First Person

Student Notebook: Clinical Psychology Graduate Student Adaptation—Living and Learning

Clinical psychology students are often enrolled in graduate programs for 5 to 7 years. Our first year can be the most challenging as we attempt to adapt to a new environment, keep up with the rigorous coursework and research, and manage amid the highly competitive academic environment. Though competition can boost our success as students, it can also impact relationships between students, creating rivalries rather than alliances, and can impede the learning process and our future mental health care goals. In short, competition can adversely affect our therapeutic practices. Using a psychological lens, I explore in this article how unhealthy competition among students may shape their graduate-school experience. I also highlight the impacts of competition on student peer relationships and the discrepancies between this culture of competition and the provision of mental health care.  

Mariana Furtado, Albizu University

Student perceptions: Social relationships, support, and stress 

Empathy plays a vital role in the educational process, but many students and instructors report a lack of empathy, compassion, and trust among peers in contemporary higher education settings. Students may experience social exclusion, which can further degrade our empathy toward others and decrease our trust in one another (Munoz et al., 2022). Social relationships and social support, often provided by families, peers, community members, and academic professionals, are positively associated with student success (McLean et al., 2022). Nevertheless, rather than seeking socially supportive relationships, students may be tempted to seek relationships perceived to be beneficial for academic success, such as with popular or very accomplished students.  

Collectively, these perceptions and behaviors may have consequences on our work life after graduate school as well, particularly for students who end up providing therapy and working with clients. The presence of competition within the field of mental health care is counterintuitive to the provision of mental health services. It can result in providers constantly worrying about how to outperform their peers rather than how to secure the well-being of their clients. Undeniably, competition may motivate providers to be more creative and more productive; however, it can also create a hostile environment where they are unwilling to collaborate and bring even better results to their clients (Drissen, 2017). The role of collaboration in mental health care cannot be overemphasized: It allows multiple providers to come together to accomplish more for a client within a limited timeframe than a single provider could achieve alone.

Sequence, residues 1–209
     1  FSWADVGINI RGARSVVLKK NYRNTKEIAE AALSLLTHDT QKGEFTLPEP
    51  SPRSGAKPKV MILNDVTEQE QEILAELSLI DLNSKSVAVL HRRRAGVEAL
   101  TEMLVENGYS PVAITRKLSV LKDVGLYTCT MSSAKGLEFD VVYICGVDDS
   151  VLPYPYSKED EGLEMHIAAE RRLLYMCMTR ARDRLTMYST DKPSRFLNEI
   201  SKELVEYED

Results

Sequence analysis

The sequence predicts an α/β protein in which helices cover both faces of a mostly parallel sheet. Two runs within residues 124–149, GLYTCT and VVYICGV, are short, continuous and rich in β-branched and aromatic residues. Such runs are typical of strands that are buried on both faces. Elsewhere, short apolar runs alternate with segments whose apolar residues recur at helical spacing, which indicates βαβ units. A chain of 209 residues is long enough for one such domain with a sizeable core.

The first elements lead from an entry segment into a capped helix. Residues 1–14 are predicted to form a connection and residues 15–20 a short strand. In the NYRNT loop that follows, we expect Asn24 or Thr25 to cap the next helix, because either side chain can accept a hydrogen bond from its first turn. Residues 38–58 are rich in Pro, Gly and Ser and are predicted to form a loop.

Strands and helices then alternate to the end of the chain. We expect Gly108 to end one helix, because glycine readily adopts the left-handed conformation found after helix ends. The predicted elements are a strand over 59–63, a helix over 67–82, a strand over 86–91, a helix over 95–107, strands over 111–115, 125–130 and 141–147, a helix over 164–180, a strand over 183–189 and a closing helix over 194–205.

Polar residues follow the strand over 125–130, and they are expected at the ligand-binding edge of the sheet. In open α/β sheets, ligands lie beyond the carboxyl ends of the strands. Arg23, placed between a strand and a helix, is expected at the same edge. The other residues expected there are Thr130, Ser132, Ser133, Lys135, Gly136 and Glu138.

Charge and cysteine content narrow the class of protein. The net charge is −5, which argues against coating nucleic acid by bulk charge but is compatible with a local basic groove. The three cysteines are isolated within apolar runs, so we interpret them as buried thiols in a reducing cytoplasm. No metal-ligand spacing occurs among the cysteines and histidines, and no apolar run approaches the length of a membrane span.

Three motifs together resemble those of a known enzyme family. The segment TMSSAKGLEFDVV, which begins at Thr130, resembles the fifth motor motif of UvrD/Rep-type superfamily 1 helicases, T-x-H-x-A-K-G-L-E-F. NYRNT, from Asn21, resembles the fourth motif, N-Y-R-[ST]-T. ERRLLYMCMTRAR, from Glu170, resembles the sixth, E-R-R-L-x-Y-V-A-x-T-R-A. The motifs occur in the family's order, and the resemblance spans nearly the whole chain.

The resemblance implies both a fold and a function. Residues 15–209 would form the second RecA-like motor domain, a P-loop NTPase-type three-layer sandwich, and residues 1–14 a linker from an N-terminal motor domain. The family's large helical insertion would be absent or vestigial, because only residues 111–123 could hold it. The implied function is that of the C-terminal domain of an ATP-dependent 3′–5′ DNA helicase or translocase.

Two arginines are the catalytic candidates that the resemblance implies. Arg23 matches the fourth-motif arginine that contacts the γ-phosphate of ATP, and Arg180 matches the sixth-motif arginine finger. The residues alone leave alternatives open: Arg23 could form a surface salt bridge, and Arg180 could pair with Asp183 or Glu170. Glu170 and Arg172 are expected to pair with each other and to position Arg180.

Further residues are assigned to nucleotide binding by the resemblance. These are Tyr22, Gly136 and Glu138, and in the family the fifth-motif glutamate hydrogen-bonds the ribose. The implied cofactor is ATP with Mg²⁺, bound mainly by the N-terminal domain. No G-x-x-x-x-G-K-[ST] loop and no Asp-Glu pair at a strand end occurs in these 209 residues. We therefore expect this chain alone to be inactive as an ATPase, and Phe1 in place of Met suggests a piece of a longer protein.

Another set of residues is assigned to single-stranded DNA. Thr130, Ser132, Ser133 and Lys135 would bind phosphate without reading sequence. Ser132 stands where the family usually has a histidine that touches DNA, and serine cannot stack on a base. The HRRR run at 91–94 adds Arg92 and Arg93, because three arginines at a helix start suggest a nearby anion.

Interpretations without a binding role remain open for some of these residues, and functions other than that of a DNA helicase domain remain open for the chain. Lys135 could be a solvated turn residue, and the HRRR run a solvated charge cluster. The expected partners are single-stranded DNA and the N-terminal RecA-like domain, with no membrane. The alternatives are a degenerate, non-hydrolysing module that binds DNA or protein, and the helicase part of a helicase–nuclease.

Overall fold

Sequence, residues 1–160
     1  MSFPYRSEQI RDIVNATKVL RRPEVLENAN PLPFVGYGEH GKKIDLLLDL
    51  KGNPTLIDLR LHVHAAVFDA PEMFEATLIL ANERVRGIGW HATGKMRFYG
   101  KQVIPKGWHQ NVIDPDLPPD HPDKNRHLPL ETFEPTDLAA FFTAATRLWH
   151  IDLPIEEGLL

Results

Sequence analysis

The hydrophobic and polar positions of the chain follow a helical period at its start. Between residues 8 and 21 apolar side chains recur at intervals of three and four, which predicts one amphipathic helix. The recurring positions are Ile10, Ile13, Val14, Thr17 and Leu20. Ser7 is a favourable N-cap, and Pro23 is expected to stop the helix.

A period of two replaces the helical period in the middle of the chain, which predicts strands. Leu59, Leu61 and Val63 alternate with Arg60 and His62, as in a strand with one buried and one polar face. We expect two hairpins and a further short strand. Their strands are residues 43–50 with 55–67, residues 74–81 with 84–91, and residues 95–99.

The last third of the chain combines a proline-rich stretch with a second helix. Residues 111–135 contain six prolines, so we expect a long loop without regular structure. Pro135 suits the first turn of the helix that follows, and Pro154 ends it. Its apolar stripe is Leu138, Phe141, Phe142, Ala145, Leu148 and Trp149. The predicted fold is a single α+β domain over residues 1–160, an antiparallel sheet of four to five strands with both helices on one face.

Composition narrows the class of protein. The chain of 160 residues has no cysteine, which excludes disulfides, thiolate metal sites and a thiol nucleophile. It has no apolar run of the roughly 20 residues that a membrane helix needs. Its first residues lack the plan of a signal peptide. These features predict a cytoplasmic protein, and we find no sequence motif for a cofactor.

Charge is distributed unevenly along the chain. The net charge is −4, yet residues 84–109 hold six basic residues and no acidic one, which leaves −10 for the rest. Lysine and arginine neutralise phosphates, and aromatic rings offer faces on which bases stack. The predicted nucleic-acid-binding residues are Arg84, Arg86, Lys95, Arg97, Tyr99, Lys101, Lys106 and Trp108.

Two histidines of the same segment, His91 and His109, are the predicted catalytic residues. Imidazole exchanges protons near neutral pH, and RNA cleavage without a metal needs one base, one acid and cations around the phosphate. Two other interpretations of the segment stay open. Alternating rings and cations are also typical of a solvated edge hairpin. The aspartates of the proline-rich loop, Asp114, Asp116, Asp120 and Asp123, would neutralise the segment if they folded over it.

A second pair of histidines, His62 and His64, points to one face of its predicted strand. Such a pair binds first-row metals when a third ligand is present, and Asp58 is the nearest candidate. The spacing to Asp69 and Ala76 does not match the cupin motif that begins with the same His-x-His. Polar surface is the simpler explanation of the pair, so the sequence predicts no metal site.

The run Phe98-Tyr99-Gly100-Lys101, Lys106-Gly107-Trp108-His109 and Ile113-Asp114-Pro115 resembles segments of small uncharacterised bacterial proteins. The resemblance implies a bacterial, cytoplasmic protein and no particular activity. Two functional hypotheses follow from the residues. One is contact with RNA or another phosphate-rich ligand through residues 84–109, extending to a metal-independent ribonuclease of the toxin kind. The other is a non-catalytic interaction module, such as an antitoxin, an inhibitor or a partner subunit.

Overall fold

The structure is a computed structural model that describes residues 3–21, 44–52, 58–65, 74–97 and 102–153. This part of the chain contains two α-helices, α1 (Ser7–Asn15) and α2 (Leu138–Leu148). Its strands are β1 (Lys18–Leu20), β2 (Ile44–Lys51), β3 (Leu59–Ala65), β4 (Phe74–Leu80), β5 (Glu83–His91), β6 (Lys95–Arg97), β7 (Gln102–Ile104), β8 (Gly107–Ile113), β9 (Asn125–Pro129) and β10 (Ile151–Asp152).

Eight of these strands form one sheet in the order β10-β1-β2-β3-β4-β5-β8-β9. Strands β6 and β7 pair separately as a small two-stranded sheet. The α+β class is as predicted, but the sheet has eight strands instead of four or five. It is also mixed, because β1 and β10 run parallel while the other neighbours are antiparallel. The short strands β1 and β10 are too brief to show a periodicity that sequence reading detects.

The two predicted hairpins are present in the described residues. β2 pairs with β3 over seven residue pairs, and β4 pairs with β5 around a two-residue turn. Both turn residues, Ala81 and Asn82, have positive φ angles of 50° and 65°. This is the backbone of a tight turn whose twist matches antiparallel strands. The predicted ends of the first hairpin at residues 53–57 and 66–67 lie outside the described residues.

One way to resolve the tension between intense competition and mental health services provision is simply to recognize that the primary goal of mental health services is to assist clients in obtaining treatment options that can help them live happier and healthier lives instead of competing with other practitioners for self-serving purposes (Drissen, 2017).  

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Conclusion and future directions 

Contemporary clinical psychology programs are intended to provide rigorous training that prepares students for research and professional counseling. But when these programs take place in an environment of extreme competition, the spirit of learning is often undermined by the culture of doing whatever is needed to get to the top. Barriers that prevent student counselors from assisting and interacting with classmates must be removed to achieve essential collaboration and professionalism and to promote constructive rivalry and teamwork. It is imperative that students be mindful of the stress and experiences of other students and actively engage in collaborative efforts to achieve success in their clinical psychology degree program. 

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Drissen, Y. (2017). Competitive society and mental disorders. A philosophical examination. Masters Thesis. 

Li, G., Li, Z., Wu, X., & Zhen, R. (2022). Relations between class competition and primary school student’s academic achievement: Learning anxiety and learning engagement as mediators. Frontiers in Psychology, 13. 

McLean, L., Gaul, D., & Penco, R. (2022). Perceived social support and stress: A study of 1st-year students in Ireland. International Journal of Mental Health and Addiction. 

Munoz, L., Fergurson, J. R., Harris, E. G., & Fleming, D. (2022). Does empathy matter? An exploratory study of class-transition satisfaction in unplanned course interruptions. Journal of Marketing Education, 44(2), 217–234. 

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